Remember, any attention you give, good or bad, to your dog’s unacceptable behavior, guarantees she’ll repeat it. Instead, ignore your pet when she is acting up and reward her good behavior. Train, treat, repeat.

About Ultrasonic Training Devices

If even after you practice these tips and find your dog is still struggling with barking issues, proper training might be the answer. The safe and effective BarxBuddy ultrasonic training tool makes it easier to train a dog, even the tiniest ones. An alternative to bark collars, the BarxBuddy distracts your pet without any contact between it and your dog, allowing you to give a verbal command and reward her when she stops the unwanted behavior. 

As a small pet owner, you understand that your adorable and cuddly teacup breed requires some adaptation and patience in your training. Like training medium and large breeds, plenty of patience, persistence, and practice goes a long way when training your small dog — it may be easier than you think.KeywordsJun 30, 2020Query Phrase

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What Is Best Anti Bark Dog Collar? Maybe It’s Not a Collar At All

Barking poodle mix

Anti-bark collars are devices that dogs wear around their necks so their owners or trainers can correct unwanted behaviors.  

To answer the question, which anti-bark dog collar is best, you have to understand what bark collars are, what types there are and how they work. The best fit for you and your dog depends on how much time and effort you commit to train your dog, as well as what your dog can tolerate.  

What is a Bark Collar and How Does It Work?

Most anti-bark collars are controlled by a wireless remote, although some models may be sound-activated when your dog barks.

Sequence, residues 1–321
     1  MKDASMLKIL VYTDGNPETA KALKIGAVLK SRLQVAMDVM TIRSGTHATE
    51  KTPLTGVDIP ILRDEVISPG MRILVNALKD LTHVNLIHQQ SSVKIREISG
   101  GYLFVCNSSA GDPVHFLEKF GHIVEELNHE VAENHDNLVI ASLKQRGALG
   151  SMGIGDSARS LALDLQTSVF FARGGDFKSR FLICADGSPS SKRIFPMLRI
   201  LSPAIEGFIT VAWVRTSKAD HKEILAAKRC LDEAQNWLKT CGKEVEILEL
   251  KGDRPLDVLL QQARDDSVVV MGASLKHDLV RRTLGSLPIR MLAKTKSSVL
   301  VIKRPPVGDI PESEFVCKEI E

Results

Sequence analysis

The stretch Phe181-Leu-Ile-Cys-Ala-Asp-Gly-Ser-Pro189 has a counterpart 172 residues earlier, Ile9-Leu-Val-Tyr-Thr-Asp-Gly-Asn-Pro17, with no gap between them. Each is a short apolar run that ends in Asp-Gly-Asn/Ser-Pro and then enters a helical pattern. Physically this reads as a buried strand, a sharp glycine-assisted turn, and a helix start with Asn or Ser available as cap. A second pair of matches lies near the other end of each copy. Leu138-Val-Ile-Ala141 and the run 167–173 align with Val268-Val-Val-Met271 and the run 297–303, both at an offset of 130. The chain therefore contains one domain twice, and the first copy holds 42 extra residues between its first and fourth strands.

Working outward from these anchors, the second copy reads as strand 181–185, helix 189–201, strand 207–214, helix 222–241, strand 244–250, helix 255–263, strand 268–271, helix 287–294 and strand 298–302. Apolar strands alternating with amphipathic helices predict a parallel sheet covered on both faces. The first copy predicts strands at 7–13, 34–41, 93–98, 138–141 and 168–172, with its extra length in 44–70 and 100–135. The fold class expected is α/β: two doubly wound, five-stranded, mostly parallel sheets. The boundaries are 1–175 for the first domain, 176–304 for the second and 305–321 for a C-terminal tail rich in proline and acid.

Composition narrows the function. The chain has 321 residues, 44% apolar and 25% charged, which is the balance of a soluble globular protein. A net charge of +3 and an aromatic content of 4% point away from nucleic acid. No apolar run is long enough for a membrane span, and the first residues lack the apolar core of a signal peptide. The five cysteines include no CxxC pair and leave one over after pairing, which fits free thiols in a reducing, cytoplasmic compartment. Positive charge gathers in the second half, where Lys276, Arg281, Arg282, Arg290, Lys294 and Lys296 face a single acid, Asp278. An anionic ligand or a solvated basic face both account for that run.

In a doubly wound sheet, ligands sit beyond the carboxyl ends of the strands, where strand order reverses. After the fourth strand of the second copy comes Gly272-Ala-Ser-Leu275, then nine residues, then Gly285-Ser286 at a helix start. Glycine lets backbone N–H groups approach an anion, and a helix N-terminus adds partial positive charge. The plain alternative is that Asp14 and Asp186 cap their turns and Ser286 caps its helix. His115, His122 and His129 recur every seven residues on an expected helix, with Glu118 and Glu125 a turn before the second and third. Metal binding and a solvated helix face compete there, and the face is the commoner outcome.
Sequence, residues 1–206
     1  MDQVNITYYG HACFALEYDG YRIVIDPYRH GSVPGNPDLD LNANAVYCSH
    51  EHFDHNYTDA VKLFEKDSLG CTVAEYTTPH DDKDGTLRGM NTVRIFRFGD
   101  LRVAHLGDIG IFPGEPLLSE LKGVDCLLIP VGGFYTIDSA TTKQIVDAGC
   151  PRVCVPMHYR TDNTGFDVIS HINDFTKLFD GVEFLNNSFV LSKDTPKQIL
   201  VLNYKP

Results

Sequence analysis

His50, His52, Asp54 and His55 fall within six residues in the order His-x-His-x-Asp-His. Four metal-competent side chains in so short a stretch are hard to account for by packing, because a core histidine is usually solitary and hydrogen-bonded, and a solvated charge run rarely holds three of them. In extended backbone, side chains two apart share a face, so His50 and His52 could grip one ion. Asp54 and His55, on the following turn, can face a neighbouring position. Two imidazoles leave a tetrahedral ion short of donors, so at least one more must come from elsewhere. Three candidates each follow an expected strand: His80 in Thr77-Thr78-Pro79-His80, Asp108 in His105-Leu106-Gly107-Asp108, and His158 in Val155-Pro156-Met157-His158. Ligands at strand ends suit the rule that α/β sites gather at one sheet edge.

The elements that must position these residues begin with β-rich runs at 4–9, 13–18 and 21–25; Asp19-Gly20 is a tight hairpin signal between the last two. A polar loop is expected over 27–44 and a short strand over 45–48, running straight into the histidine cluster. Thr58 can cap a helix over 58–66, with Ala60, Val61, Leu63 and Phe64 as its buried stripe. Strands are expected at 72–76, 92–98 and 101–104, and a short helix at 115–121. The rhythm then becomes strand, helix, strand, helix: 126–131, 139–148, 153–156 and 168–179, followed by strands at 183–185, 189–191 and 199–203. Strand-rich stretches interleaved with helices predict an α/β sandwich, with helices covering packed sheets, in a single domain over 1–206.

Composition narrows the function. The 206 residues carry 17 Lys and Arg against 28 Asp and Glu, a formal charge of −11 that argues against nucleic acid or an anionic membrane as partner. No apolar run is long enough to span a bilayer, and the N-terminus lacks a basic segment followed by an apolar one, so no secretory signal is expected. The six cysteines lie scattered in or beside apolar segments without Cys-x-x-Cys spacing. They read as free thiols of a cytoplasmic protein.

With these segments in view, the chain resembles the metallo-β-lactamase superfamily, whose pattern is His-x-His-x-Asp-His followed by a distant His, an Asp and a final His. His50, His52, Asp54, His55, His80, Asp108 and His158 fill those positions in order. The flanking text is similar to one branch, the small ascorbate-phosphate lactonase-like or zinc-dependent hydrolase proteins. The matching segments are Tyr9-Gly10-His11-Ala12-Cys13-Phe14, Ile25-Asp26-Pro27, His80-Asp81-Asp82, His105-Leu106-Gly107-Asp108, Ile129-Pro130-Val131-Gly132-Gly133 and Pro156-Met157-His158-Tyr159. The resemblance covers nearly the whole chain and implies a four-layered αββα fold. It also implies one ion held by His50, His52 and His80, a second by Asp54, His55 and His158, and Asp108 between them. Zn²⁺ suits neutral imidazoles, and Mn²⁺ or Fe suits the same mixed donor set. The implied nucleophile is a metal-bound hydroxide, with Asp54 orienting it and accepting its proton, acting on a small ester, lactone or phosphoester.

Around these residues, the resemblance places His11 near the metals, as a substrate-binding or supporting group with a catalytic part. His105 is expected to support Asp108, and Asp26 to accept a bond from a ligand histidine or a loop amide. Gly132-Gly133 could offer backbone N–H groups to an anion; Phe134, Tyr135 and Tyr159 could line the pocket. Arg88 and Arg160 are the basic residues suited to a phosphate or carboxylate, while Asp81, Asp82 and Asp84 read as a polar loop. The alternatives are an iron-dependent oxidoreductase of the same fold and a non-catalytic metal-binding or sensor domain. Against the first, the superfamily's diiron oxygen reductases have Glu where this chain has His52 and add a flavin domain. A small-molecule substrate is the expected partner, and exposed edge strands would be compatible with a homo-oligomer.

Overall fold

These sound-activated bark collars are tricky to use effectively because other loud noises could signal the collar, confusing your dog. They may not be the best bark collar if you plan to leave it on your dog at all times, even when you aren’t home.

Remote-controlled bark collars operate on batteries, so they need to be recharged or replaced. 

Some bark collars can be worn with your dog’s regular collar, while others are better alone. Shock collars with prongs are not intended to be worn 24 hours a day. Most manufacturers recommend that you remove no-bark collars when your dog is resting or at night.

Anti-bark collars are training devices, which means they aren’t magic wands that correct your pets’ behaviors. They’re intended to be used along with voice commands, treats and rewards to teach your dog what you do and don’t want him to do. 

For stubborn dogs that bark excessively and don’t respond to voice-only commands, the bark collar can be used to get the dog’s attention. That’s what training devices do: They distract a dog from barking so you can correct her behavior.